SOURCE: Tim Newcomb | Forbes
Ever since Nike debuted the FlyEase sneaker line five years ago, the brand has made it physically easier to get into a shoe. But it always required at least one hand to zip, tie or strap the shoe closed. The new Nike GO FlyEase takes accessibility to a new place, offering the first fully hands-free shoe.
Using a bistable hinge in the shoe’s midsole, the Nike GO FlyEase can transition from the open—or “ready”—position to the closed—or “set”—position simply by stepping in and down on the footbed. To open the shoe back up, step on the heel’s ledge with the opposite foot and the hinge releases to allow the foot to slide out.
The hands-free Nike GO Flyease in use
“We kept wanting to create something new and different,” says Sarah Reinertsen, the project’s design lead, the first woman to finish the Ironman World Championships on a prosthetic leg and a world-record holder for the ironman triathlon. “If we could create something you didn’t need hands to get in and out of, it could help unlock those benefits for all.”
The bistable hinge on the Nike GO FlyEase allows for a fully continuous footbed to open and close.
Born out of an internal Nike design competition, the key to the GO FlyEase is the patent-pending hinge, which is stable in both the open and closed position. The shoe still sits on the ground when open and when closed there are no moving parts. “It doesn’t split the entire shoe in half, it only is activated upon entry and exit of the shoe,” Reinertsen says.
The footbed remains a single continuous section, whereas the hinge allows the heel to drop away. To get the shoe off, wearers can embrace the natural human inclination of using the opposite foot to push down on a small ledge on the heel to release the hinge and make it easy to slide out of.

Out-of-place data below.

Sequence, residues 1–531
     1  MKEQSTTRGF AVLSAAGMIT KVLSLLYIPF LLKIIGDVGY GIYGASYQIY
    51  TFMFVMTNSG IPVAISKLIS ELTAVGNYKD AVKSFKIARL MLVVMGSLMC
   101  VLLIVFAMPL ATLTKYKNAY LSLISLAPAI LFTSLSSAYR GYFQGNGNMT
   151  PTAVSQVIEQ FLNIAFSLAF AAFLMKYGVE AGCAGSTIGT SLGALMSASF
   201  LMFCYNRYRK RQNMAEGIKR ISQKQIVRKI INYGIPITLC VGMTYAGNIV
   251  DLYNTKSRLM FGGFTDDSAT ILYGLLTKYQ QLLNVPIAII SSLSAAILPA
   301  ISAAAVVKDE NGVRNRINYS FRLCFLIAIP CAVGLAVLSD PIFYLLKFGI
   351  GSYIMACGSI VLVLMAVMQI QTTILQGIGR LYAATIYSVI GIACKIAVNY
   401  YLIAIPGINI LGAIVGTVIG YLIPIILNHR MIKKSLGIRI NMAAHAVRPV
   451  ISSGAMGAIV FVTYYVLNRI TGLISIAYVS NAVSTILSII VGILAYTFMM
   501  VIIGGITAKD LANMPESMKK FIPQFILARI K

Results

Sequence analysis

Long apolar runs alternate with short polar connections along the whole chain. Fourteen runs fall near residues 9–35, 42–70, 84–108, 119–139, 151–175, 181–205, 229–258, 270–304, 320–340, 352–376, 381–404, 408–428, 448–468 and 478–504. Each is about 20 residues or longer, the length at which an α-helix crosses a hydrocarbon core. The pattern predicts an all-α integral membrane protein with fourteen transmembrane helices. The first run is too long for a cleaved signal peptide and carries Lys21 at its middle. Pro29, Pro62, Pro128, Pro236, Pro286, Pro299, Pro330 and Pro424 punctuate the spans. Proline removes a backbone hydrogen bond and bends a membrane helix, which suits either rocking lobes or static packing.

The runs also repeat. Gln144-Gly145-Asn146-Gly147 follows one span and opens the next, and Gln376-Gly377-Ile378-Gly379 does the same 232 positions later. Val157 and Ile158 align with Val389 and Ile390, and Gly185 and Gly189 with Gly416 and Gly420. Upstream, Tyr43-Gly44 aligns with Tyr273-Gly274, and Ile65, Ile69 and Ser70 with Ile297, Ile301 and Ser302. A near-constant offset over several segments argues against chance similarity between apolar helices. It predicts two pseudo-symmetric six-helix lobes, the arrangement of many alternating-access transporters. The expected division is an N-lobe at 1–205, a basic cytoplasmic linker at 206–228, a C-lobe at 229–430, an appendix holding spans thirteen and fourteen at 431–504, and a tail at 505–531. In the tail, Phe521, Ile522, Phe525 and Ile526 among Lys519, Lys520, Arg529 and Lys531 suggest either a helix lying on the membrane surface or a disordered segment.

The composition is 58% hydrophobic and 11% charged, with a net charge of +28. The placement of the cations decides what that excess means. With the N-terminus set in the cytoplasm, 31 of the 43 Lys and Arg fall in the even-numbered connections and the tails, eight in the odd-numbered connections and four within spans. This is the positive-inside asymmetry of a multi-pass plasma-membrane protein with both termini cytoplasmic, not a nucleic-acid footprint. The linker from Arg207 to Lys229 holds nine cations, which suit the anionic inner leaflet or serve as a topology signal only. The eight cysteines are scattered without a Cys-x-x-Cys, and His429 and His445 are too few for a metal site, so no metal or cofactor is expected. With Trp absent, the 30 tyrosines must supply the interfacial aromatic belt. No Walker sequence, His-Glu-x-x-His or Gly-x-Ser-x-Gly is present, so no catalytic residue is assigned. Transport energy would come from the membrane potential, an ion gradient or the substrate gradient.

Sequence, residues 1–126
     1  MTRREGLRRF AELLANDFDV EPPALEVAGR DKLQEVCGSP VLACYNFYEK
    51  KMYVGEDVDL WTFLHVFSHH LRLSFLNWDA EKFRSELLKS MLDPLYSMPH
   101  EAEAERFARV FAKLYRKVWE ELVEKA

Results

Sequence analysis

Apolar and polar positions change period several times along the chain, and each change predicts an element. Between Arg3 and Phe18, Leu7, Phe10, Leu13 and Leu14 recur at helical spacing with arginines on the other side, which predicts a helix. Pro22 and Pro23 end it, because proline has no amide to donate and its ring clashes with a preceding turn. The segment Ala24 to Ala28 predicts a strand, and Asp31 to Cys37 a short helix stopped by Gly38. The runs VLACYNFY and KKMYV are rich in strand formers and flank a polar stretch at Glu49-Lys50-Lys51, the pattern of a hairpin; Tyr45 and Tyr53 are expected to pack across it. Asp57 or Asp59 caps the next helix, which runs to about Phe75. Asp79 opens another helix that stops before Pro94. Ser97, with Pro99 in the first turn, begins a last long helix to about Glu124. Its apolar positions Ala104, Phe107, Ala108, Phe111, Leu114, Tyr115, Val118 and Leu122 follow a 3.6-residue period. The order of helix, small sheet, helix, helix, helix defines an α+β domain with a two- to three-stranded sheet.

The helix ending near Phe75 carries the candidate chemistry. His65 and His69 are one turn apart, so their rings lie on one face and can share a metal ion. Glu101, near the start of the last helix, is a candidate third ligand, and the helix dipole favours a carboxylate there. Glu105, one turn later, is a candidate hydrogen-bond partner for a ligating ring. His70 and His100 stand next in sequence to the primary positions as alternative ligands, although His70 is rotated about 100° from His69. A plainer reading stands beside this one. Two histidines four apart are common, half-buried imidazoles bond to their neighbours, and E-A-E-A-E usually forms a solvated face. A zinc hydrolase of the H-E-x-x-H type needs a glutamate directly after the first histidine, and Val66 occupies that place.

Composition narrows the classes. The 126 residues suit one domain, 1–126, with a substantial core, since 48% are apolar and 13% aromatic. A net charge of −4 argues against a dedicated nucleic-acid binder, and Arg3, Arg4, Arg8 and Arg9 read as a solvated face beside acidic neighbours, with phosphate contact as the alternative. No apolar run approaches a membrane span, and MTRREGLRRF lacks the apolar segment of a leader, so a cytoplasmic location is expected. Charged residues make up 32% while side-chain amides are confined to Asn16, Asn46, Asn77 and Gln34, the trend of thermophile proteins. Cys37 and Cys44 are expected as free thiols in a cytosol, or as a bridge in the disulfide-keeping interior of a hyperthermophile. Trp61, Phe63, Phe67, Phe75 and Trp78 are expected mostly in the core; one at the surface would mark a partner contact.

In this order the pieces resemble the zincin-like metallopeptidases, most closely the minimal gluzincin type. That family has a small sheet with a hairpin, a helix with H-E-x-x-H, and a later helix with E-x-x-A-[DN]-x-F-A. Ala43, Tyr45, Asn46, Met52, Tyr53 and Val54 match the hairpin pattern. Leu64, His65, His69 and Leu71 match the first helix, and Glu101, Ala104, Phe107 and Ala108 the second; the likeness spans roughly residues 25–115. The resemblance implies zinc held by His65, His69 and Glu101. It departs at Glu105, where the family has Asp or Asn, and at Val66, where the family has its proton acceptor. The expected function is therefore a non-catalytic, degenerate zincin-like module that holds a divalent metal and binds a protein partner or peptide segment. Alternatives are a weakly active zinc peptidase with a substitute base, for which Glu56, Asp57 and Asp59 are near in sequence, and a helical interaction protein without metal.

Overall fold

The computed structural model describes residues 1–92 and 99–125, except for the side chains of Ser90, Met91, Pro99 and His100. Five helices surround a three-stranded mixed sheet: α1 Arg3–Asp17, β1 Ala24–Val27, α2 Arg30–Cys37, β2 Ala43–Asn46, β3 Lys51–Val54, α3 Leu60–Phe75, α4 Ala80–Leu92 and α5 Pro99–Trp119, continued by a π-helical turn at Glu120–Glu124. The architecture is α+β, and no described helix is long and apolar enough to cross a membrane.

A laceless upper and tensioner band help lock the foot into the Nike GO FlyEase.
The laceless upper, which features a mesh construction, includes a tensioner band wrapping the outside of the shoe to help keep the foot locked in when wearers are on the go. The tensioner band is made of outsole material for durability but is treated with a UV protection, so it doesn’t get damaged by the sun. It has flexibility designed in to work in both the open and closed positions.
Reinertsen says by using known Nike materials and a variety of technologies, multiple systems work together to keep the wearer locked in and comfortable when in the shoe.
Since the FlyEase launch, technology has featured in footwear styles across basketball, running and sportswear. The hands-free debut comes as a lifestyle offering from Nike, but one solid enough for everyday activity, even if it isn’t meant as a high-performance design.
A kickstand heel allows for a quick release of the foot in the new Nike GO FlyEase.
The challenges in getting to the GO FlyEase were plentiful, even with a simple-looking design. “There were engineering things we had to figure out,” Reinertsen says. “The bistable hinge. We’ve never put a hinge in a shoe. That was a piece of engineering that was really tricky to figure out.”
Designers had to ensure the hinge, made of a rubber stiffer than a typical outsole, stayed open and closed as needed, all without any feeling of the hinge underfoot, which required the continuous footbed. “We would try something, it was not quite right, and we would go back,” she says about the two-year project. “It was a lot of those iterations back and forth. It wasn’t a quick strike (project).”
Nike is launching the GO FlyEase to its members in three colorways on Feb. 15 for $120 and then plans a broader roll out of the silhouette in spring.
Aesthetically, the upper mesh materials allow for dyes in specific locations, opening up splashes of color across the GO FlyEase. In the early colorways, those colors highlight the technology features, whether the kickstand ledge on the heel or the hinge. “That color goes with the feeling of this shoe,” Reinertsen says. “A lot of that was very intentional and it is just fun. It is so inviting.”
This article was originally published on Forbes. You can view the original article here.